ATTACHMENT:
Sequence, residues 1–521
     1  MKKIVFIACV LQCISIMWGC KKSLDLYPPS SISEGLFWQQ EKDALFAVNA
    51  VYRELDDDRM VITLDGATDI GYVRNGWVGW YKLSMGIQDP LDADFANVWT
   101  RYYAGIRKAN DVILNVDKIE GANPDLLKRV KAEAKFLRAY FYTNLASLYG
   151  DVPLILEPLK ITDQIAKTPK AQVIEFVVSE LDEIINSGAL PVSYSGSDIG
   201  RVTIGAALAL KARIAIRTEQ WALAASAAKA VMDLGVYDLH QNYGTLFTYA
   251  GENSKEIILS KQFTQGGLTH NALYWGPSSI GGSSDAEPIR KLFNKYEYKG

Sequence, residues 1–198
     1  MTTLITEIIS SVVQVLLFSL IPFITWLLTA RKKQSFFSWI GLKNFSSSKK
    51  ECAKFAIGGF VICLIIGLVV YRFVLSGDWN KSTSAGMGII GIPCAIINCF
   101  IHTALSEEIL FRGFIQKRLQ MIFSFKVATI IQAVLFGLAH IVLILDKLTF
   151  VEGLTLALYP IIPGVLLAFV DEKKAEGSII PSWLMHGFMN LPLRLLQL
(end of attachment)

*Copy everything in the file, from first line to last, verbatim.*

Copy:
Sequence, residues 1–521
     1  MKKIVFIACV LQCISIMWGC KKSLDLYPPS SISEGLFWQQ EKDALFAVNA
    51  VYRELDDDRM VITLDGATDI GYVRNGWVGW YKLSMGIQDP LDADFANVWT
   101  RYYAGIRKAN DVILNVDKIE GANPDLLKRV KAEAKFLRAY FYTNLASLYG
   151  DVPLILEPLK ITDQIAKTPK AQVIEFVVSE LDEIINSGAL PVSYSGSDIG
   201  RVTIGAALAL KARIAIRTEQ WALAASAAKA VMDLGVYDLH QNYGTLFTYA
   251  GENSKEIILS KQFTQGGLTH NALYWGPSSI GGSSDAEPIR KLFNKYEYKG

Sequence, residues 1–198
     1  MTTLITEIIS SVVQVLLFSL IPFITWLLTA RKKQSFFSWI GLKNFSSSKK
    51  ECAKFAIGGF VICLIIGLVV YRFVLSGDWN KSTSAGMGII GIPCAIINCF
   101  IHTALSEEIL FRGFIQKRLQ MIFSFKVATI IQAVLFGLAH IVLILDKLTF
   151  VEGLTLALYP IIPGVLLAFV DEKKAEGSII PSWLMHGFMN LPLRLLQL